• Bisphosphonate drugs
  • Fosamax®
  • Boniva® (ibandronate)
  • Miacalcin® (calcitonin)
  • Forteo® (teriparatide)
  • Evista® (raloxifene)
  • Hormone Replacement Therapy (HRT)

Bisphosphonate Drugs: Bisphosphonate drugs treat osteoporosis by decreasing the rate of bone resorption. Resorption is an activity that takes place in normal bone remodeling. In osteoporosis, resorption occurs faster than new bone formation.

Fosamax®: is approved as a treatment for osteoporosis in men and is approved for treatment of glucocorticoid (steroid)-induced osteoporosis in men and women. Actonel® is approved for prevention and treatment of glucocorticoid-induced osteoporosis in men and women.

Boniva®: (ibandronate) is approved for the treatment and prevention of osteoporosis in postmenopausal women. Boniva® is available for oral (by mouth) administration

Miacalcin® (calcitonin): Calcitonin is a natural hormone that increases the deposition of calcium in the bones. Calcitonin is the active ingredient in Miacalcin®, which has been shown to prevent bone loss in postmenopausal women with reduced bone mass.6

Forteo® (teriparatide): Forteo® is a form of parathyroid hormone that increases bone formation. It is approved for the treatment of osteoporosis. Forteo® is approved for the treatment of osteoporosis in men and postmenopausal women who are at high risk for a fracture.

Evista® (raloxifene): Evista® is a type of hormonal therapy called a selective estrogen receptor modulator (SERM). It is approved for the prevention of osteoporosis in postmenopausal women and has been evaluated in the prevention of breast cancer.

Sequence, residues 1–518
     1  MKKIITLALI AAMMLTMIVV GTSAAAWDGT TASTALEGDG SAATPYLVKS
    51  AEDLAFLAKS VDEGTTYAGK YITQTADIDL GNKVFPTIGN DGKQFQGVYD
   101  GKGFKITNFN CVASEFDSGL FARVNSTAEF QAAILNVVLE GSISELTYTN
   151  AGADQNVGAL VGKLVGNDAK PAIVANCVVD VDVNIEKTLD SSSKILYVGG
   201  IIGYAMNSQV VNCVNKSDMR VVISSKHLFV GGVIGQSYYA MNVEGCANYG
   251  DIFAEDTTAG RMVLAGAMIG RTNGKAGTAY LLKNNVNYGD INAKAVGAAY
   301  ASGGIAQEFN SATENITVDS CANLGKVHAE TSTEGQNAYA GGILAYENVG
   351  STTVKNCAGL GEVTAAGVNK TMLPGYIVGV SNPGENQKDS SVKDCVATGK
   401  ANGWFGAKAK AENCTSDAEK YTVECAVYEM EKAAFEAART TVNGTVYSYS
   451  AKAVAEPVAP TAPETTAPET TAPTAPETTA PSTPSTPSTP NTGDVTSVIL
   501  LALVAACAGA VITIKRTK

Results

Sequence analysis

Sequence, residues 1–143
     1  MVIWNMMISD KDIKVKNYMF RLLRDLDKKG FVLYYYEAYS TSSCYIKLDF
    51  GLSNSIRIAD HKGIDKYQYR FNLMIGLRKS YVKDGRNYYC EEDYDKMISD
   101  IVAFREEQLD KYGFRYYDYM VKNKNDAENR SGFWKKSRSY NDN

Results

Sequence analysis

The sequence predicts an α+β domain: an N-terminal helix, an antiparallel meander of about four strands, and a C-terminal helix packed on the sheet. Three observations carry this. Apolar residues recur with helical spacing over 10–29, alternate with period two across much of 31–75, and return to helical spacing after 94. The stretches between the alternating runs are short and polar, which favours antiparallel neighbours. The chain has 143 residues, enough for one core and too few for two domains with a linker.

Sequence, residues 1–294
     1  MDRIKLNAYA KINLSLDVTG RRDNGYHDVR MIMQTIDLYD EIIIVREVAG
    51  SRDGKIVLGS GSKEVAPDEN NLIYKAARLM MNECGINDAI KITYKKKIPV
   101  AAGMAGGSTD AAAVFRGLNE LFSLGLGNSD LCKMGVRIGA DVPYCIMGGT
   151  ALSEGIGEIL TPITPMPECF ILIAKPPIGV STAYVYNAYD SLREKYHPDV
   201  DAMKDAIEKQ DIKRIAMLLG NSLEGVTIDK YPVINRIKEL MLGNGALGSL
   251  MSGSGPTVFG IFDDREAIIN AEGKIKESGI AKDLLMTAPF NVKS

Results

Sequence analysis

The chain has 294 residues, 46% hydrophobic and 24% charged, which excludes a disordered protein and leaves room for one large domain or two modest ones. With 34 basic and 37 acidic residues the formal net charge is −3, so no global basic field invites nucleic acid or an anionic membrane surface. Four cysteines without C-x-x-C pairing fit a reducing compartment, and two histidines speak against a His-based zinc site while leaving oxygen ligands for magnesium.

Hormone Replacement Therapy (HRT): HRT has been shown to prevent bone loss in postmenopausal women. Examples of HRT include:

  • Estrogens (brand names, such as Climara®, Estrace®, Estraderm®, Estratab®, Menostar™, Ogen®, Ortho-Est®, Premarin®, Vivelle®, and others)
  • Estrogens and Progestins (brand names, such as Activella™, FemHrt®, Premphase®, Prempro®, and others)


1 Sverrisdottir A, Fornander T, Jacobsson H, et al. Bone mineral density among premenopausal women with early breast cancer in a randomized trial of adjuvant endocrine therapy. J Clin Oncol. 2004 Sep 15;22(18):3694-9.

2 Eriksson S, Eriksson A, Stege R et al. Bone mineral density in patients with prostatic cancer treated with orchidectomy and with estrogens. Calcif Tissue Int. 1995;57:97–99.

3 Shapiro CL, Manola J, Leboff M. Ovarian failure after adjuvant chemotherapy is associated with rapid bone loss in women with early-stage breast cancer. J Clin Oncol. 2001;19:3306–3311.

4 Saarto T, Blomqvist C, Valimaki M et al. Chemical castration induced by adjuvant cyclophosphamide, methotrexate, and fluorouracil chemotherapy causes rapid bone loss that is reduced by clodronate: a randomized study in premenopausal breast cancer patients. J Clin Oncol. 1997;15:1341–1347.

5 Ross JR, Saunders Y, Edmonds PM, et al. Systematic Review of Role of Bisphosphonates on Skeletal Morbidity in Metastatic Cancer. British Medical Journal 2003; 327:469-471.

6 Ellerington MC; Hillard TC; Whitcroft SI, et al. Intranasal salmon calcitonin for the prevention and treatment of postmenopausal osteoporosis. Calcif Tissue Int. 1996 Jul;59(1):6-11.